The organizational culture involves the norms of behavior and shared values of individuals working for the same company or environment. There are companies known for a culture focus on providing excellent customer service, there are other companies that excel at retaining the talent within the company and therefore, are known as companies with a culture that values and develops its employees.
Companies should include quality as one of the main core values within the organization. The leadership team is instrumental in engaging all the employees when it comes to creating a quality culture. There are instances however, where the leadership team within the organization talks about the importance of a quality culture, but the business decisions they make contradicts this approach therefore, sending a message of confusion to the members of the organization.
A good example of this is telling the employees how important quality is but not willing to develop the technical skills of these employees with training and education programs, due to company’s budget constraints.
Another example, is having three employees doing the work and later letting two of them go to save money, while expecting the one person still left, to do the work that was done by three.
Ideas provided by employees on how to do things better should always be heard and welcomed. The same rule should apply to the ideas brought by project team members. The project manager needs to encourage empowerment from all team members.
A friend told me a story about a member within a project team who always carried a very negative attitude. During project meetings, all he did was say negative things about the work being done. As a result, team members used to ignore him completely and so did the project manager.
One day the project manager left the project and a new project manager was hired to complete the project. He quickly learned about the team member’s negative attitude. Instead of ignoring him or giving him the cold shoulder, he decided to talk to this team member in private.
The new project manager asked the team member why he thought that the work being done was not being done correctly.
The team member was in shock, since for the first time somebody was actually asking him openly about his opinion. The team member opened up to the project manager and explained to him the reasons why he thought the project was going to fail. The project manager listened carefully to his reasons and became more curious and asked more questions.
The project manager realized that the team member was an expert in his field and had valid concerns about the way the work was being done. He engaged the team member in more project activities. Moreover, the project manager empowered the team member to actively participate in making important decisions and encouraged him to share his insights and knowledge with the rest of the project team.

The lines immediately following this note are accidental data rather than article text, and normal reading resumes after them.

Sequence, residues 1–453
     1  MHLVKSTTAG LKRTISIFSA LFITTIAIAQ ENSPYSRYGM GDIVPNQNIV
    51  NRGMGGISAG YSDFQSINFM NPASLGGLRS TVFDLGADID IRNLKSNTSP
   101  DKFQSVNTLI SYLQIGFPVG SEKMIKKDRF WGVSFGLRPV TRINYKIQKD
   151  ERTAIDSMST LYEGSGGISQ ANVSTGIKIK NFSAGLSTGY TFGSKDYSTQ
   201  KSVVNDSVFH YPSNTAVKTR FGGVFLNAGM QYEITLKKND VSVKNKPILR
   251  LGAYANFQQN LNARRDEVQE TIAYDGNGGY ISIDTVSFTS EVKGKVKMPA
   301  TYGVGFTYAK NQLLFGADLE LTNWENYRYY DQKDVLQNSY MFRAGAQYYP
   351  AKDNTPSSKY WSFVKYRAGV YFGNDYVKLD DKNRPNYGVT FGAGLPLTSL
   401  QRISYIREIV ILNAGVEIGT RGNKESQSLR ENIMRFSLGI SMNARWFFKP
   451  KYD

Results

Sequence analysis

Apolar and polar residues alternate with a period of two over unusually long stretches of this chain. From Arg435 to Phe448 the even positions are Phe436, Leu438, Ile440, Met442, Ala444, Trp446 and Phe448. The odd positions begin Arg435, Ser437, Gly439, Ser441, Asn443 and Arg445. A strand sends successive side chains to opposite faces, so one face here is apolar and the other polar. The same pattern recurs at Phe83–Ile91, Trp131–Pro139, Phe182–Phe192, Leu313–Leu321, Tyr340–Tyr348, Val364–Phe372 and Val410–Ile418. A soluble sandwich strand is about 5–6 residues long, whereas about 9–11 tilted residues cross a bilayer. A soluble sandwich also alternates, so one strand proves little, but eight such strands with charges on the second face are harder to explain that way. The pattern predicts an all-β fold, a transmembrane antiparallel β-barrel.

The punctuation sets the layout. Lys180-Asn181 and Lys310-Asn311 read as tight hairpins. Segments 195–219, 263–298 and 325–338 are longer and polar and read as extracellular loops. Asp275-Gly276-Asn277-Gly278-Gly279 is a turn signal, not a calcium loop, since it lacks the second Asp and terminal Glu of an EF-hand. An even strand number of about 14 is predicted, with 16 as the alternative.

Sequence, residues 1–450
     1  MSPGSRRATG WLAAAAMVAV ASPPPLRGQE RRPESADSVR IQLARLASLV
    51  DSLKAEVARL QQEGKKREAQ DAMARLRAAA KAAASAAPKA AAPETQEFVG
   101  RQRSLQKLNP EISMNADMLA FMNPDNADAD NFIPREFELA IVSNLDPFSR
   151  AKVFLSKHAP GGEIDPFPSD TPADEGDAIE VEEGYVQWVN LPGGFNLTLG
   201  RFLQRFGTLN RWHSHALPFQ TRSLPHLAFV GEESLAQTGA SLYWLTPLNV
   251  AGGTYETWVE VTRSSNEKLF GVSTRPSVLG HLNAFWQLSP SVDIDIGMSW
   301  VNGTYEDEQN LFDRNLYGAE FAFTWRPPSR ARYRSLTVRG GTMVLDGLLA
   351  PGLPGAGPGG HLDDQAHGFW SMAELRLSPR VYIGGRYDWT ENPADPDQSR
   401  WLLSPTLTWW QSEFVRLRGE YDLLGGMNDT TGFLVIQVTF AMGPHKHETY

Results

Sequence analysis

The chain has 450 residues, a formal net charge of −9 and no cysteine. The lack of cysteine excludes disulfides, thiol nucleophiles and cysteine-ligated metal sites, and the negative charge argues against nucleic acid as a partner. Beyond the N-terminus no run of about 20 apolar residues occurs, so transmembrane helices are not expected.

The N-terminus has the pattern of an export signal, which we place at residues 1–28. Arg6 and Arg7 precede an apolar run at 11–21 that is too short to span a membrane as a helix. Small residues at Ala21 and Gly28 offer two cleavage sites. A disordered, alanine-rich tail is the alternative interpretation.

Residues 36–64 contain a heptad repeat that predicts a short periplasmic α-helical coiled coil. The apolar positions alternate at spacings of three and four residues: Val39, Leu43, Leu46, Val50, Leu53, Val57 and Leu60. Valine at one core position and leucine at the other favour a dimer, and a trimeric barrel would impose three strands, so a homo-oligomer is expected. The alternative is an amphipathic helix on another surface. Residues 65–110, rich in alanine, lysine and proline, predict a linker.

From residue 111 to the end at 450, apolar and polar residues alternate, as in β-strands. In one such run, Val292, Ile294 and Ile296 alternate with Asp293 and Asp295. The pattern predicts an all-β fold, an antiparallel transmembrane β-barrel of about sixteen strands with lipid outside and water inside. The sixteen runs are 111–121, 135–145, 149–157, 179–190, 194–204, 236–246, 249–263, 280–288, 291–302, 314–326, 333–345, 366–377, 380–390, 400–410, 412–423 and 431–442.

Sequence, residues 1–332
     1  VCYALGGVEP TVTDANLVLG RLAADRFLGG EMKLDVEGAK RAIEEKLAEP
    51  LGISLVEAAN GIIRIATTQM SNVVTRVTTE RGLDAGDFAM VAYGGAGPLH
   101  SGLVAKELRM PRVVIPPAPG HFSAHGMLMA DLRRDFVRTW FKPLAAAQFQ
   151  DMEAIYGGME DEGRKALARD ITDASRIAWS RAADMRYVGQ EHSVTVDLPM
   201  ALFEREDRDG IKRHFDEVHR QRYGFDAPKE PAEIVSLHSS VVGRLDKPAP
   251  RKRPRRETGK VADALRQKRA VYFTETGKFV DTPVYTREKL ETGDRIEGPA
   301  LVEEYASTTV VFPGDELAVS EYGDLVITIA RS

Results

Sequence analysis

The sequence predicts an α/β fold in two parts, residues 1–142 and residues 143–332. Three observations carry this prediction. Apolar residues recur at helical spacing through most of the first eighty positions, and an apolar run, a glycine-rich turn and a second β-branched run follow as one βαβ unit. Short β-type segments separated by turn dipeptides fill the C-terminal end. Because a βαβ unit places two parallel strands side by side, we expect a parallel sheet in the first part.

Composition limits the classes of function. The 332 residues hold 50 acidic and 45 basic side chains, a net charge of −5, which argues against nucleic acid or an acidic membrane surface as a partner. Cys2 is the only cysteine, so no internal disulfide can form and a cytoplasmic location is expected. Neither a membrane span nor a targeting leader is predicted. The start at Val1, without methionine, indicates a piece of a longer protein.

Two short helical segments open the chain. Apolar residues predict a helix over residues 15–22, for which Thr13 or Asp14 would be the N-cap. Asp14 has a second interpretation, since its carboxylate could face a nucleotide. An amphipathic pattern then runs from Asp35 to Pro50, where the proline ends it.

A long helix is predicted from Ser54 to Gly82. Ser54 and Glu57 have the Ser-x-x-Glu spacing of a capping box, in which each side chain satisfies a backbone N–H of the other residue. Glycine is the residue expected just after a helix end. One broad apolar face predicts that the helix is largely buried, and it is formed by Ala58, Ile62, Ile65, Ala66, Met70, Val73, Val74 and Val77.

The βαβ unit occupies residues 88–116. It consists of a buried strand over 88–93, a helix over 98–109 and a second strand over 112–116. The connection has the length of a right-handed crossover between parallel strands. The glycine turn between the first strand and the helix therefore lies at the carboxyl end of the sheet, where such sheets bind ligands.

As a result, the team member changed his negative attitude completely; he earned the respect of the project manager and the project team. The end result was a win-win situation as the project would have failed, if it was not for the knowledge and active participation of this team member.
There are different ways an organization and the leadership team can encourage and motivate its collaborators to bring new ideas and innovation to improve quality.
Some examples include a quality award for the best quality innovating idea. Designate a “quality week” to discuss the different aspects of quality and quality improvement. Recognize and post a quality improvement process that has been successfully implemented on the bulletin board, etc.
Achieving quality should be everyone’s priority. Having catch words that sound nice as part of an organization’s quality policy is not enough. If inside that organization quality is not valued, at some point in time that organization will be negatively impacted.
Once customers start complaining and sharing negative experiences about an organization’s product or service, it becomes really hard for that organization to defend its reputation.
By Sophia Crawford, MAP, PMP, ITILv3
Professor of the Quality Management course in the Master in Project Management Program at the University for International Cooperation.